“My life has been ruin, loss, and loneliness:” A Wife’s Search for Her Husband, Kidnapped by ISIS

“My life has been ruin, loss, and loneliness:” A Wife’s Search for Her Husband, Kidnapped by ISIS

Mrs. Razan's husband (c) SJAC

On the International Day of the Victims of Enforced Disappearances, the Syria Justice and Accountability Centre reminds the world of the hundreds of disappeared in Syria who were kidnapped by ISIS. The families of the kidnapped are still experiencing the nightmare of not knowing the fate of their loved ones. Today, SJAC talks to Mrs. Razan, whose husband was kidnapped in 2014 while she was pregnant with their first child. Muhammad is now six years old, but he has yet to meet his father.

– Tell us about yourself and your family and how your life has changed after 2011 in Syria.

I am Razan, from Syria (Aleppo). I am 30 years old, and married to Mustafa Khayal. My husband went missing on June 7, 2014. The loss of my husband has caused destruction to our family, in the full sense of the word.

– What did your husband do?

My husband was a graduate of the Faculty of Islamic Sharia, teacher of the subject of Islam, and a mosque imam.

– When did ISIS take control of the area in which you lived?

The organization took control of our city and my family’s city in 2013. They exited our area under pressure, but their control of my family’s city continued.

– Explain to us how ISIS treated the people of the village and how they treated mosque imams?

The treatment was very bad, as if we were nonbelievers and they represented Islam, and as if we knew nothing about matters of religion despite the fact that most people in the city observed the sharia dress code. Their situation was delicate and in constant discussion and conflict with mosque imams.  

– How did your husband feel about the acts of ISIS? Was he afraid of them?

In the beginning, my husband viewed them as Islamists and observant of religious practices. He used to deplore their acts of injustice and corruption, which go against the manners of Muslims. He was not afraid of them and not afraid to express himself. He even had a discussion with one of them, which was completely transparent, and he told him: Your actions have nothing to do with Islam and Muslims.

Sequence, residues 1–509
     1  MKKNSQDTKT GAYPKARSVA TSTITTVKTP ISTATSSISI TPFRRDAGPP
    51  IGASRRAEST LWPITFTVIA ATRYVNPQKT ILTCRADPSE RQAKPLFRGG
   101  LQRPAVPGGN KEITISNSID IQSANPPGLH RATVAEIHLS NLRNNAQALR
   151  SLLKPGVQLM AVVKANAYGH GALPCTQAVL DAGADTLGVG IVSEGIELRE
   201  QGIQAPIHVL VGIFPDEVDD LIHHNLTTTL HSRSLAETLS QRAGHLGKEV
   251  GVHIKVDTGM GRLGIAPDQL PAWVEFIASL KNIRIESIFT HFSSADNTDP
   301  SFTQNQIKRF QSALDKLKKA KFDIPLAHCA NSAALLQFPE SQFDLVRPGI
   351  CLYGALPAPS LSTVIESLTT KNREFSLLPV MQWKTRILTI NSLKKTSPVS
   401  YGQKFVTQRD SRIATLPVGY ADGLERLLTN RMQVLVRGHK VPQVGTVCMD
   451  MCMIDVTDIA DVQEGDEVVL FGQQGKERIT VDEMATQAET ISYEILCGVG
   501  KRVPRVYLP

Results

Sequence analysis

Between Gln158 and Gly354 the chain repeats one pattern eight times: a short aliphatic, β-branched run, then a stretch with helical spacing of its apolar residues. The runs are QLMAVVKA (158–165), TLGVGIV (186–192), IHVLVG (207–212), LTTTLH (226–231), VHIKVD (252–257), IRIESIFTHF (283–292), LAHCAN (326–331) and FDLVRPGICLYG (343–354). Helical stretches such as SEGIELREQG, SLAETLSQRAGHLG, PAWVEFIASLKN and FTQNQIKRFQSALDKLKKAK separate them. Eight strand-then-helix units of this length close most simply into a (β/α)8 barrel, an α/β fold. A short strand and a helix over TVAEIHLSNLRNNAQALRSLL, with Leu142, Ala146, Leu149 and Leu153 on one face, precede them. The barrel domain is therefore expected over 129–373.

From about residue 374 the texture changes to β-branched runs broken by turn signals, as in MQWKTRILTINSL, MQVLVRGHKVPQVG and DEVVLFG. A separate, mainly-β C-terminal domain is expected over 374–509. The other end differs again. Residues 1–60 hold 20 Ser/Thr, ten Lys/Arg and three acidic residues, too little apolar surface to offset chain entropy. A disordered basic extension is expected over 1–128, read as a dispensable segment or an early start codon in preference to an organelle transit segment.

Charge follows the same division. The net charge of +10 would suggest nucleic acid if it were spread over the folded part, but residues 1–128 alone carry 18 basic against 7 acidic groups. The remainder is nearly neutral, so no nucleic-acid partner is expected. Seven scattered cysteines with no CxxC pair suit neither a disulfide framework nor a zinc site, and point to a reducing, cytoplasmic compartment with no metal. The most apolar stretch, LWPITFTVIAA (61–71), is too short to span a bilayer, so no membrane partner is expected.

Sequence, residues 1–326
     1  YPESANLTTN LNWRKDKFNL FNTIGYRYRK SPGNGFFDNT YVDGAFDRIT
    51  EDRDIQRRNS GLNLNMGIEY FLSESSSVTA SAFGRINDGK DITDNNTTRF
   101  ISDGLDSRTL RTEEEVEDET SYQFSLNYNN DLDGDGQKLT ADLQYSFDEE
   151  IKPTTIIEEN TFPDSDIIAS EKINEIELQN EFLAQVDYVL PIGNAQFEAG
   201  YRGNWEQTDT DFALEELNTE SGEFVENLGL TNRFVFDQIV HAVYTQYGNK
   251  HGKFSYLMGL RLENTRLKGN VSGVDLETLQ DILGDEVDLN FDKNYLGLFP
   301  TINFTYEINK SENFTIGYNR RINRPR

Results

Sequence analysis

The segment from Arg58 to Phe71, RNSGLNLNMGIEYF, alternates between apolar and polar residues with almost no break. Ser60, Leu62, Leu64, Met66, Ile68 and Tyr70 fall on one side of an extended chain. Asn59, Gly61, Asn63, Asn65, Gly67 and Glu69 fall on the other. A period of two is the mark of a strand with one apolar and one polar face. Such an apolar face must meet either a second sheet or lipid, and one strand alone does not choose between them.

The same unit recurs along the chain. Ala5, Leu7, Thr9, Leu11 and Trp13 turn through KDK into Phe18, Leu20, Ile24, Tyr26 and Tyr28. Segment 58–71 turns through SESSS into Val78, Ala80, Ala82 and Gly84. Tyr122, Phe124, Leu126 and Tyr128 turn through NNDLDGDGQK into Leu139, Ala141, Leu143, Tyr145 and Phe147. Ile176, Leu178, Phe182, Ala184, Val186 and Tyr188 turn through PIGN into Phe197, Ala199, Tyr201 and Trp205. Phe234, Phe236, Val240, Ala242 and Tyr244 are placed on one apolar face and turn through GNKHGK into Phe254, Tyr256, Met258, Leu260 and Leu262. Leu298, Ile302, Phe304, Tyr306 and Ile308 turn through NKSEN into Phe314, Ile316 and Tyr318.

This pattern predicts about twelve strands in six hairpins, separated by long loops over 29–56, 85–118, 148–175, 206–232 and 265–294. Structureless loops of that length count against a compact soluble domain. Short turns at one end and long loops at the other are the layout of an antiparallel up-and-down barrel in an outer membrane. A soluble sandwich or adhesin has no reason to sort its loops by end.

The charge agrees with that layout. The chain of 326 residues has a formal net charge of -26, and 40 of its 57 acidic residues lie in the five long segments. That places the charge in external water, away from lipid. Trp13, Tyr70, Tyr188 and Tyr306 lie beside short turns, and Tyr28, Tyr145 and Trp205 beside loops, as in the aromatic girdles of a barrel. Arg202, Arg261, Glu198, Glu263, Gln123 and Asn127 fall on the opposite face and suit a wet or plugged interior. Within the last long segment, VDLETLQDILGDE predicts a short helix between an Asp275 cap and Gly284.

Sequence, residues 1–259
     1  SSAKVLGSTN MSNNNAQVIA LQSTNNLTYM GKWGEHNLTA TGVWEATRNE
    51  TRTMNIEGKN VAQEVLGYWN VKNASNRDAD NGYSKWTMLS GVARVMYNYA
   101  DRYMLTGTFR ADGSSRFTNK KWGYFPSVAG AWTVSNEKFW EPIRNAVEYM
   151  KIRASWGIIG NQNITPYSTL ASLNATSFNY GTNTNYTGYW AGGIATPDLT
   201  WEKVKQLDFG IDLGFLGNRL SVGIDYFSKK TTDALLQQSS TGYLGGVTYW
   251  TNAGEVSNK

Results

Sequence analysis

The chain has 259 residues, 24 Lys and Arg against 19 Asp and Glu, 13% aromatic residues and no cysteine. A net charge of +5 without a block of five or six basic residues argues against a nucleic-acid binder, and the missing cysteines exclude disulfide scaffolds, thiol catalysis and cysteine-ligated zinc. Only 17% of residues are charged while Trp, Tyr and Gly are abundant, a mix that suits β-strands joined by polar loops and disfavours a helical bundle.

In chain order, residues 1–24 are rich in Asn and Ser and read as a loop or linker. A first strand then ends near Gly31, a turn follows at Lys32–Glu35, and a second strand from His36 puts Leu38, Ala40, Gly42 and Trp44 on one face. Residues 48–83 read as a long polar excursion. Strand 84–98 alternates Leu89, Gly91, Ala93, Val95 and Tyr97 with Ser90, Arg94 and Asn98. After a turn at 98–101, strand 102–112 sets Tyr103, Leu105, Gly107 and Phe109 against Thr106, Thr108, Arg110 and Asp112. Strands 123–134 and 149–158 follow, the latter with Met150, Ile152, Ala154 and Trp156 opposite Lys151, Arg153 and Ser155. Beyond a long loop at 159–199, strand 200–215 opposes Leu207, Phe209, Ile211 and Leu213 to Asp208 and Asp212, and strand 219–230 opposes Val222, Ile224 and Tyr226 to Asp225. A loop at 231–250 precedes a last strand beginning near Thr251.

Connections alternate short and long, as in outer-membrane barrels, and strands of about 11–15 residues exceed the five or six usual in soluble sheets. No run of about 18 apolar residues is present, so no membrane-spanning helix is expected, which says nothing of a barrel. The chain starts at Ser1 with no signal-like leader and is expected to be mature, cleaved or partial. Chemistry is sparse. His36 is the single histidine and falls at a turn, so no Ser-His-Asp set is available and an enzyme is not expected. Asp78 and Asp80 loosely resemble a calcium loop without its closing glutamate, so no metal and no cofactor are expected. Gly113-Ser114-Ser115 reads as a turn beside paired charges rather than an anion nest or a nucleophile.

– Explain to us what happened on the day when your husband disappeared.

June 7, 2014 was a very difficult day. All the details are alive in my memory. I even hate six o’clock because of this incident, which was the beginning of my tragedy. My husband and I went to my family’s city, Aleppo (Al Bab) on a visit. We were stopped at an ISIS checkpoint on the pretext of conducting a normal check despite the fact that we regularly visited my family. They stopped us for an hour and a half because it was crowded. They asked to check my purse and my travel bag even though they know it had only clothes for me. My husband got angry and told them that I was very tired and that my health situation was bad. Their excuse was that they were afraid that weapons might be in the bag. My husband told them that there was nothing in the bag that belonged to him and that the bag was for me. They even turned on the laptop of my husband and accessed all the files. When they learned that he was a mosque imam through his video speeches, they went mad and told him that he was under arrest. They left us for an hour until a car arrived and they took my husband and his personal effects to the city of Al Bab and the court prison.

– Was there any contact with him after his abduction by ISIS?

One week after his abduction, we saw him at Al Bab court. He told me that they were angry about what he said at the checkpoint and that they accused him of not recognizing them as an Islamic state. He said there was no charge that could be proven against him. Then, I told him about my pregnancy, which I had learned about a few days after his arrest.

– When was the last time you saw your husband?

The last time I saw him was on November 16, 2014. He told us that he was in a very difficult situation in solitary confinement, and that they would bring people specialized in sharia from different nationalities to argue with him without reaching a solution with him after they asked him to pledge allegiance to them and he refused.

– How has your life changed after the abduction of your husband?

My life has been ruin, loss, and loneliness. I was pregnant with my first child and I did not know the fate of my husband when we were supposed to spend our most beautiful times with our first child. The days were very tough on us. We tasted bitterness. I spent most of my days going to the court prison to ask about my husband. When the jailer said this name was here, I was assured that they did not kill him. Very difficult days.

– What do you tell your son about his father? Does he ask about his father?